Charge transactions along with the critical information about  each transactions needs to be preserved for audit or compliance purposes. For example, service providers paying USF fees based on the inter-state usage would need the VoIP call details for tax compliance Internal audit teams will need the transactional reports to reconcile with records from source systems or other systems, and to verify for the correctness of charging so that any revenue leakage is identified during the audit.

Why Accounting Systems can’t Replace Billing Systems:

  • QuickBooks/accounting system like Xero or Oracle Finance does not support dynamic pricing configuration of products with transactional rates (simple or complex) such as “$0.01 / minute for toll free calls”, “$0.20 / minute for international calls to India on weekdays”.
  • It does not allow to upload raw transactional data from external systems like VoIP/Soft Switches and rate it based on customer-specific contracts.
  • It does not support the calculation of transactional charges e.g. QuickBooks cannot determine charges for local Vs long distance calls.
  • QuickBooks does not support taxation requirements for complex services, For example, taxation of voice calls based on the calling and called locations or parties.
  • QuickBooks cannot be used to store individual transactions like voice calls made during the month for audit/compliance purpose.
  • You do not get much flexibility when it comes to representing the transactional charge summary.
  • QuickBooks requires you to enter the transactional charges manually on every invoice.
  • Auditing the transaction charges applied for each customer and verify that with the individual customer contract (plan subscribed) is not possible in QuickBooks.
  • There is huge effort involved every month to calculate transactional charges manually and enter the same in each customer’s invoice in QuickBooks.
  • QuickBooks does not provide detailed reports for the transactional charges, For example, a report providing international calls usage for last 6 months for a given customer account.
  • QuickBooks does not provide any means to track transactions not billed or failed to the bill.

This table provides a comparison of transactional billing done using Accounting System Vs Specialized Billing System like Onebill

Accounting System Transactional Billing Platform / OneBill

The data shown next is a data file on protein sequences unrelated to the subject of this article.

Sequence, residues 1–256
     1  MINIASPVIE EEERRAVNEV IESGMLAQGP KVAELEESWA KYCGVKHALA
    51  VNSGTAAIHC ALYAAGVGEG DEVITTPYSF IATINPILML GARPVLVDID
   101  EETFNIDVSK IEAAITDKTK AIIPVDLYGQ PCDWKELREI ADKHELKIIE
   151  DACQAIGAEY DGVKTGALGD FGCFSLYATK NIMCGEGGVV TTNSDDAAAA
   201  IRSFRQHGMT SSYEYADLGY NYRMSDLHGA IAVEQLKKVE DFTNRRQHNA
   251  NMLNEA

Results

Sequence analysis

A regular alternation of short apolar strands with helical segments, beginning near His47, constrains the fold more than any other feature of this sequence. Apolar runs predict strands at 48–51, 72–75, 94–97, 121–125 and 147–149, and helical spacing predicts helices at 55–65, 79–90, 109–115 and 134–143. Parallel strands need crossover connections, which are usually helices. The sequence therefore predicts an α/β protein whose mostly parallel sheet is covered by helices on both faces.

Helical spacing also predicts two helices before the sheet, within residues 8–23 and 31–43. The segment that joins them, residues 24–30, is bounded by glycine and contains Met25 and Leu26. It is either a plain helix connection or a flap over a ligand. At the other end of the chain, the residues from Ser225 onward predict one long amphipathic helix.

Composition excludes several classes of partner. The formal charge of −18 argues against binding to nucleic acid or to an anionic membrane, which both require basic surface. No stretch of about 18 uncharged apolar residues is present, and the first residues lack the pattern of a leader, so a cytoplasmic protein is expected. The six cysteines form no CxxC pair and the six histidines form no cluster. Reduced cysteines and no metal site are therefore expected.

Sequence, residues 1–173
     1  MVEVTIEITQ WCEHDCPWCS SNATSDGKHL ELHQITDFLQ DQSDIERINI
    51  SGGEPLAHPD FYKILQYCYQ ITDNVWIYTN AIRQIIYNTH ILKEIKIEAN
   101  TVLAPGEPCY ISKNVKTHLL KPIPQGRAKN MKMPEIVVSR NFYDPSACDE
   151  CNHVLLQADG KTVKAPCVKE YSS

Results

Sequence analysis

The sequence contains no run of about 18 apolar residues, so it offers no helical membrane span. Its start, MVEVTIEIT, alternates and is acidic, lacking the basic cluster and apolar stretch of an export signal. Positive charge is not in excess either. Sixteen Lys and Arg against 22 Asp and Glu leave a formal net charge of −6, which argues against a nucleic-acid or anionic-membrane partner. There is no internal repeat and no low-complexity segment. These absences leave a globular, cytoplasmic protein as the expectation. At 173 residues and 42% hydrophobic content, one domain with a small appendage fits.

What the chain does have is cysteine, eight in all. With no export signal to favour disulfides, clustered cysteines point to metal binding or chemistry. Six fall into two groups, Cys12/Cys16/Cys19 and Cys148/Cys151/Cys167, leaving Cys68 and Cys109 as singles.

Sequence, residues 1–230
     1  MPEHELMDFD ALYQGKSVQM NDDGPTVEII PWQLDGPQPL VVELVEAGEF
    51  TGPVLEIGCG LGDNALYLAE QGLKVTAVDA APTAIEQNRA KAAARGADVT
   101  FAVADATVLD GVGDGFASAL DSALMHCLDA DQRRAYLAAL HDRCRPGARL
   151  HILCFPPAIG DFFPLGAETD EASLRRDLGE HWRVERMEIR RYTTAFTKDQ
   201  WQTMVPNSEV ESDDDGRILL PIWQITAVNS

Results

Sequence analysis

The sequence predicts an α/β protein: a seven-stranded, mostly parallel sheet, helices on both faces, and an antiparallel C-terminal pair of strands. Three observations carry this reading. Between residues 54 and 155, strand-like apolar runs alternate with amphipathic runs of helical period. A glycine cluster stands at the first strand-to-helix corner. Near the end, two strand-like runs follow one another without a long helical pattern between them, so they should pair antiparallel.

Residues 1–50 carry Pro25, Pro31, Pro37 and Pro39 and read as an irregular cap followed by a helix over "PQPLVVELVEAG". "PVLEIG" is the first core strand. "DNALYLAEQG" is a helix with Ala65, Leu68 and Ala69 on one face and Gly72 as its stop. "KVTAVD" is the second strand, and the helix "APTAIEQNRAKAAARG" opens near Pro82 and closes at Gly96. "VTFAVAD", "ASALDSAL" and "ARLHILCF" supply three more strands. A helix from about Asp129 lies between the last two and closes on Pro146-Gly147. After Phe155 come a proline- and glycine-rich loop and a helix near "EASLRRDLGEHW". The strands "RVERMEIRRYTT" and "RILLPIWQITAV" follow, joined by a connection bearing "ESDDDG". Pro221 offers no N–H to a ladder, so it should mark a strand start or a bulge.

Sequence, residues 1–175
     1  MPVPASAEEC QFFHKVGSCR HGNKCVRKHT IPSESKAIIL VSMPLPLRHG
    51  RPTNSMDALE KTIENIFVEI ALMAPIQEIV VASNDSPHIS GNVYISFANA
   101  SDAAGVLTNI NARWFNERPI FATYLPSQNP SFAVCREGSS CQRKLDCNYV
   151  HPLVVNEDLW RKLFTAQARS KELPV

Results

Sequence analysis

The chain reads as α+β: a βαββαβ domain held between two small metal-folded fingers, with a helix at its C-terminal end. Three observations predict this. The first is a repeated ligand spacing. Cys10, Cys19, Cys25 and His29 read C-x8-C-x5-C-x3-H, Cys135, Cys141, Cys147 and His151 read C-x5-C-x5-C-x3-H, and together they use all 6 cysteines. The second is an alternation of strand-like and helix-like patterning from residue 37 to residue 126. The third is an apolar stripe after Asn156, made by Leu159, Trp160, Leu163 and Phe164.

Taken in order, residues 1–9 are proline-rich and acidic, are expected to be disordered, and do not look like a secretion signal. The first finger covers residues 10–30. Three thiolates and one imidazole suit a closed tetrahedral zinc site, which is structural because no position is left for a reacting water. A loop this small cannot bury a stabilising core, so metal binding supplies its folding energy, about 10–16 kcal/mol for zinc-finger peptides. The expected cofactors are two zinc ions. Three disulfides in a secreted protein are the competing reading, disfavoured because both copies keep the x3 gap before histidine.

Cannot define complex transactional pricing rules. Define complex transactional pricing rules as part of the main product definition.
External transactions cannot be directly fed into the system for billing. External transactions can be directly fed into the system for billing.
Cannot process transactional records in various formats. Allows you to process transactional records from external systems in any csv or text format.
Require manual processing of transactions and calculation of charges. Automates the transaction processing and applies pricing rules as per the customer contract.
Cannot categorize or label transactions automatically. Can categorize or label the transactions automatically based on the business rules and represent on the invoices in a format that customer can understand easily.
Does not provide any means to store the transactions for audit or future reference. Billed transactions are maintained for the pre-defined period for reporting and audit.
Does not provide any mechanism to identify failed or missed transactions. Failed transactions can be analyzed, fixed and reprocessed before invoices are finalized.

Final Thoughts and Conclusion:

QuickBooks and other accounting systems like it are great options for a business when it is starting out. But as the business grows and faces increased competition, it needs to consider billing platforms that ensure scalability and flexibility. Accounting systems can never live up to the challenges of a growing business. To efficiently monetize their services and offerings and focus on core strategy rather than billing issues, businesses must consider SaaS subscription billing platforms like OneBill.